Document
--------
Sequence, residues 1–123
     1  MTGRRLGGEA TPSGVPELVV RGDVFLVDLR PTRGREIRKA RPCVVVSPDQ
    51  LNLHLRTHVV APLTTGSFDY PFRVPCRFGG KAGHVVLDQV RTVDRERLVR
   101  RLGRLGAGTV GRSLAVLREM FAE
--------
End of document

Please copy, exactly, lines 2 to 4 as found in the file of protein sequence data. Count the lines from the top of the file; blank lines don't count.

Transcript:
     1  MTGRRLGGEA TPSGVPELVV RGDVFLVDLR PTRGREIRKA RPCVVVSPDQ
    51  LNLHLRTHVV APLTTGSFDY PFRVPCRFGG KAGHVVLDQV RTVDRERLVR
   101  RLGRLGAGTV GRSLAVLREM FAE